The Supreme Court’s sentence is a ground-breaking victory of equality in Poland! – commented Campaign Against Homophobia (KPH), Polish largest LGBT advocacy organization. The appeal for cassation issued by the Minister of Justice and Public Prosecutor General regarding the case of a printer who had refused to print a roll-up banner for an LGBT organization on the grounds of homophobia was dismissed. The prior decision of the Court which had found the printer guilty remains valid and the Supreme Court confirmed that no one should be discriminated against on the grounds of sexual orientation when accessing services.
The Supreme Court sentence is a ground-breaking victory of equality in Poland! Today marks a huge step towards the equality of LGBT rights and a reason for celebration for all the citizens of Poland who believe in equality, law and justice! – say the activists from KPH, Polish largest LGBT organization.
The Supreme Court’s decision confirmed that according to the article 38 of the Code of Petty Offences, a refusal of the access to services made to a non-heterosexual persons is prohibited. During the legal proceedings 4 sentences were ruled by courts of various degrees of jurisdiction. Each and every time the printer was found guilty.
This a clear signal from the administration of justice that LGBT persons living in Poland deserve equal treatment and protection of their dignity no matter who they are and who they fall in love with – says Paweł Knut from KPH in his reaction to the ruling of the Supreme Court – This sentence is yet another milestone towards obtaining full protection against discrimination for Polish LGBT citizens.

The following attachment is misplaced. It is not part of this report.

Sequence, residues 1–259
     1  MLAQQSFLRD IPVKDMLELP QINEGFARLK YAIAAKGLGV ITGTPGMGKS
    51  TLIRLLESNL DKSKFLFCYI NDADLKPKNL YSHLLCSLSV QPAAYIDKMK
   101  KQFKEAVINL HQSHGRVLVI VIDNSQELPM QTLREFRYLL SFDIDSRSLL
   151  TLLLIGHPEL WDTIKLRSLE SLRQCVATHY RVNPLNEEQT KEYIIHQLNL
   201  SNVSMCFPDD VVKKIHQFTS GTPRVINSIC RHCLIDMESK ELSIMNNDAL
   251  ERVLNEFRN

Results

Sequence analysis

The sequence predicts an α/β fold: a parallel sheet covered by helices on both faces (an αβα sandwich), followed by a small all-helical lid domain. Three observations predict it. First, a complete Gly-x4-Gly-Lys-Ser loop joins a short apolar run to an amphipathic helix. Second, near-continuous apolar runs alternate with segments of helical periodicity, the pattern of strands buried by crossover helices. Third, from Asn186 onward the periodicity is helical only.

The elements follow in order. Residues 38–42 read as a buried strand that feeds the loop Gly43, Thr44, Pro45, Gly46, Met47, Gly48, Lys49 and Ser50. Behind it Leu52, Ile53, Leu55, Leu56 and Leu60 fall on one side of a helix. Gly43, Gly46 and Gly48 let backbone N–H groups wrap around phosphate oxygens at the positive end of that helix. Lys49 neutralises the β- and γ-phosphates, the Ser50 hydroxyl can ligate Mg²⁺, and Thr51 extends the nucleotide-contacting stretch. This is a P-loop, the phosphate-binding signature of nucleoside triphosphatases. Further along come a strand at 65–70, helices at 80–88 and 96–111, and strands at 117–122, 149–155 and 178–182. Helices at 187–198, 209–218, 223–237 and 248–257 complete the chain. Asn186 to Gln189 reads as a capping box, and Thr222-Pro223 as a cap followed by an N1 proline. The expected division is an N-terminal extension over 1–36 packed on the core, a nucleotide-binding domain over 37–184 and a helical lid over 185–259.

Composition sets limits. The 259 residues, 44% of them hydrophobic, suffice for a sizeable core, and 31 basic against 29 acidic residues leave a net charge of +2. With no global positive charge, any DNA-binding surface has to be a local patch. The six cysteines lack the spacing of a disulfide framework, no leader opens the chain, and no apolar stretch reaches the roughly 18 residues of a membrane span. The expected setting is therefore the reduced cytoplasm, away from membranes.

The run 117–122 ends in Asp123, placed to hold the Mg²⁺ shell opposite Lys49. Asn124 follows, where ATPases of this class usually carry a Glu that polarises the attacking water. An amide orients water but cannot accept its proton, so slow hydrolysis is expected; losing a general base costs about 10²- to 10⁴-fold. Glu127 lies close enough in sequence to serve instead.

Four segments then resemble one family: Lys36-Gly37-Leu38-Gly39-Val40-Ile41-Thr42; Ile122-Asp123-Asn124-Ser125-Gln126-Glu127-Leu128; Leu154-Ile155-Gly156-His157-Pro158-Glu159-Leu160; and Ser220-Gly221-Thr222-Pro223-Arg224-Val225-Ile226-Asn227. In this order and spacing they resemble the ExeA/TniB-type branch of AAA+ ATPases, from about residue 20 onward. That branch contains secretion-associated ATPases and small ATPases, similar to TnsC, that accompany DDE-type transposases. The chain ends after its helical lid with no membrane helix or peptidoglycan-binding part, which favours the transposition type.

From the printing house to the Supreme Court – explained step-by-step
“I refuse to print a roll-up banner with the graphics I received. We are not contributing to the promotion of LGBT movement by our work.” This was the content of the email received by the NGO “LGBT Business Forum”, which ordered a roll-up banner with the organization’s logo and its Facebook page address. The organization had notified the Ombudsman about the incident, who has passed it to the Police. In February 2016, the Police forwarded the case to the District Court. The Court found the employee guilty and punished him with a fine of 200 PLN. At that time, the Minister of Justice and Public Prosecutor General Zbigniew Ziobro, got involved in the case by issuing a statement criticizing the verdict. On his request, the District Prosecutor’s Office in Lodz joined the proceedings. Finally, the case was referred to the District Court in Lodz, which confirmed the previous ruling. However, Minister Ziobro was not satisfied with the verdict and appealed to the Supreme Court, asking for the judgment to be quashed and the employee of the printing house acquitted. On June 14, the Supreme Court dismissed the case of the Prosecutor General, confirming that no one could be discriminated against on the grounds of sexual orientation in access to services.
Today’s verdict allows us to believe that soon the issues of legal changes affecting LGBT persons will gain their momentum. This will allow gays, lesbians, bisexual and transgender persons living in Poland to live with dignity and on an equal footing with others – says Cecylia Jakubczak from KPH.
Undoubtedly, KPH’s lawyer representing LGBT Business Forum, Pawel Knut, is satisfied with the verdict, which he comments: – I believe and I hope that although the current Polish authorities are not willing to notice the existence of rights of LGBT people, we can count on minimum safety in Poland.